The Character and Popularity of Miltiades. - Naval Expedition. - Siege of Paros. - Conduct of Miltiades. - He is Accused and Sentenced. - His Death.
I. History is rarely more than the biography of great men. Through a succession of individuals we trace the character and destiny of nations. THE PEOPLE glide away from us, a sublime but intangible abstraction, and the voice of the mighty Agora reaches us only through the medium of its representatives to posterity. The more democratic the state, the more prevalent this delegation of its history to the few; since it is the prerogative of democracies to give the widest competition and the keenest excitement to individual genius: and the true spirit of democracy is dormant or defunct, when we find no one elevated to an intellectual throne above the rest. In regarding the characters of men thus concentrating upon themselves our survey of a nation, it is our duty sedulously to discriminate between their qualities and their deeds: for it seldom happens that their renown in life was unattended with reverses equally signal - that the popularity of to-day was not followed by the persecution of to-morrow: and in these vicissitudes, our justice is no less appealed to than our pity, and we are called upon to decide, as judges, a grave and solemn cause between the silence of a departed people, and the eloquence of imperishable names.
We have already observed in the character of Miltiades that astute and calculating temperament common to most men whose lot it has been to struggle for precarious power in the midst of formidable foes. We have seen that his profound and scheming intellect was not accompanied by any very rigid or high-wrought principle; and placed, as the chief of the Chersonese had been from his youth upward, in situations of great peril and embarrassment, aiming always at supreme power, and, in his harassed and stormy domain, removed far from the public opinion of the free states of Greece, it was natural that his political code should have become tempered by a sinister ambition, and that the citizen of Athens should be actuated by motives scarcely more disinterested than those which animated the tyrant of the Chersonese. The ruler of one district may be the hero, but can scarcely be the patriot, of another. The long influence of years and custom - the unconscious deference to the opinion of those whom our youth has been taught to venerate, can alone suffice to tame down an enterprising and grasping mind to objects of public advantage, in preference to designs for individual aggrandizement: influence of such a nature had never operated upon the views and faculties of the hero of Marathon. Habituated to the enjoyment of absolute command, he seemed incapable of the duties of civil subordination; and the custom of a life urged him onto the desire of power . These features of his character fairly considered, we shall see little to astonish us in the later reverses of Miltiades, and find additional causes for the popular suspicions he incurred.
II. But after the victory of Marathon, the power of Miltiades was at its height. He had always possessed the affection of the Athenians, which his manners as well as his talents contributed to obtain for him. Affable and courteous - none were so mean as to be excluded from his presence; and the triumph he had just achieved so largely swelled his popularity, that the most unhesitating confidence was placed in all his suggestions.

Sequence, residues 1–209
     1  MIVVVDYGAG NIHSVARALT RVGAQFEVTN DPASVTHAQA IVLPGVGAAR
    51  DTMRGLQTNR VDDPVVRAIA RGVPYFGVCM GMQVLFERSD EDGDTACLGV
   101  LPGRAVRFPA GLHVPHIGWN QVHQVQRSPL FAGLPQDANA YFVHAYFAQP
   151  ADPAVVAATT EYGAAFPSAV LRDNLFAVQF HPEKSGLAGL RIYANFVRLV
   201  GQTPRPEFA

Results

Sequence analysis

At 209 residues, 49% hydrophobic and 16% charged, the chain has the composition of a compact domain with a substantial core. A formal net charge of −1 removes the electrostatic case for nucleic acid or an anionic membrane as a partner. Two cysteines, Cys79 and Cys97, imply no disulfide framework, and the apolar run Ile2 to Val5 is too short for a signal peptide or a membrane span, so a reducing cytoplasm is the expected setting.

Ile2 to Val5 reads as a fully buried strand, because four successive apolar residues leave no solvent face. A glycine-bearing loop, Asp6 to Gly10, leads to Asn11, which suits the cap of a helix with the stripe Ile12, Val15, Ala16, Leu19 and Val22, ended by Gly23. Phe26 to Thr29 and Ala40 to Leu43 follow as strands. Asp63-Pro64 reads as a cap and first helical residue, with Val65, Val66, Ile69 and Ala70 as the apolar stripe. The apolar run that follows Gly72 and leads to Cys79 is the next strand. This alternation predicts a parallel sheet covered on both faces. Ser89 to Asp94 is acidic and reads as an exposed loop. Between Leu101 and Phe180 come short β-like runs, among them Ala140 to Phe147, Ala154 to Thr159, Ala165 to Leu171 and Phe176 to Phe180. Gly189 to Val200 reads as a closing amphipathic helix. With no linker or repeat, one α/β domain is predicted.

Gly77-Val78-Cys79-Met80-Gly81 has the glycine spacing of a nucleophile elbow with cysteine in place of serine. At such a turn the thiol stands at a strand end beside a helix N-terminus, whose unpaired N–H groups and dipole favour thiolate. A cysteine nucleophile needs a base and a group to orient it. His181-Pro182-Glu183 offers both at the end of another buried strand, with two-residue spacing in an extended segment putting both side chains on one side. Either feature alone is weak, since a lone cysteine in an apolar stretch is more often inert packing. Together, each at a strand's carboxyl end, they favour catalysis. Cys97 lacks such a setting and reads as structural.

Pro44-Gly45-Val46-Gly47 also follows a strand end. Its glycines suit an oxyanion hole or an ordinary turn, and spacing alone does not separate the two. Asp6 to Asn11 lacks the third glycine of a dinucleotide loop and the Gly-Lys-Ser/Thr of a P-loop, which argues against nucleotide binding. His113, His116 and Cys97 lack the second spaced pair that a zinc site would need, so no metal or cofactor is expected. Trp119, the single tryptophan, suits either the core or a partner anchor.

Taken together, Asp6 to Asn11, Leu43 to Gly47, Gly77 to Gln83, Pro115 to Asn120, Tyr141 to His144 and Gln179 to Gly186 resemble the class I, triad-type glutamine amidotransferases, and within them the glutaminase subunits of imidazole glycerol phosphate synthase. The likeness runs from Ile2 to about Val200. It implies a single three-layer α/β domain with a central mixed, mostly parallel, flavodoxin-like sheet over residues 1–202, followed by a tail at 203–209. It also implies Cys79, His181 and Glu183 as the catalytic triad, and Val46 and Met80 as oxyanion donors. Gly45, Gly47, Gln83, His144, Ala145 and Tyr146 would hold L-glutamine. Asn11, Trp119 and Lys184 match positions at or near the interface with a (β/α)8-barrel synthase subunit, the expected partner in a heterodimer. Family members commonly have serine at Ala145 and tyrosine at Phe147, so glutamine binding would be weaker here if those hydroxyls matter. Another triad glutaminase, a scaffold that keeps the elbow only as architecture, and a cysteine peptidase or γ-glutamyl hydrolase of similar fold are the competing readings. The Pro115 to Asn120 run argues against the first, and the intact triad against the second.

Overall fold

In addition to the victory of Marathon, Miltiades, during his tyranny in the Chersonese, had gratified the resentment and increased the dominion of the Athenians. A rude tribe, according to all authority, of the vast and varied Pelasgic family, but essentially foreign to, and never amalgamated with, the indigenous Pelasgians of the Athenian soil, had in very remote times obtained a settlement in Attica. They had assisted the Athenians in the wall of their citadel, which confirmed, by its characteristic masonry, the general tradition of their Pelasgic race. Settled afterward near Hymettus, they refused to blend with the general population - quarrels between neighbours so near naturally ensued - the settlers were expelled, and fixed themselves in the Islands of Lemnos and Imbros - a piratical and savage horde. They kept alive their ancient grudge with the Athenians, and, in one of their excursions, landed in Attica, and carried off some of the women while celebrating a festival of Diana. These captives they subjected to their embraces, and ultimately massacred, together with the offspring of the intercourse. "The Lemnian Horrors" became a proverbial phrase - the wrath of the gods manifested itself in the curse of general sterility, and the criminal Pelasgi were commanded by the oracle to repair the heinous injury they had inflicted on the Athenians. The latter were satisfied with no atonement less than that of the surrender of the islands occupied by the offenders. Tradition thus reported the answer of the Pelasgi to so stern a demand - "Whenever one of your vessels, in a single day and with a northern wind, makes its passage to us, we will comply."
Time passed on, the injury was unatoned, the remembrance remained - when Miltiades (then in the Chersonese) passed from Elnos in a single day and with a north wind to the Pelasgian Islands, avenged the cause of his countrymen, and annexed Lemnos and Imbros to the Athenian sway. The remembrance of this exploit had from the first endeared Miltiades to the Athenians, and, since the field of Marathon, he united in himself the two strongest claims to popular confidence - he was the deliverer from recent perils, and the avenger of hereditary wrongs.